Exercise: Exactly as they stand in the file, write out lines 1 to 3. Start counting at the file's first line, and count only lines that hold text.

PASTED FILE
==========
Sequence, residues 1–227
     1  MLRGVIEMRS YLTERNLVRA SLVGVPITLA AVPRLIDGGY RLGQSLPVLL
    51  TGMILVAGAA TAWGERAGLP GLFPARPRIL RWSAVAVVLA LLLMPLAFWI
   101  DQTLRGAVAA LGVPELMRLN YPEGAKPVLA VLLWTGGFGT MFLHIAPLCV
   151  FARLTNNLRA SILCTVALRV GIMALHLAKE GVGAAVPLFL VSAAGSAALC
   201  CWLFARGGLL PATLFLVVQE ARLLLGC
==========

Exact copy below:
Sequence, residues 1–227
     1  MLRGVIEMRS YLTERNLVRA SLVGVPITLA AVPRLIDGGY RLGQSLPVLL
    51  TGMILVAGAA TAWGERAGLP GLFPARPRIL RWSAVAVVLA LLLMPLAFWI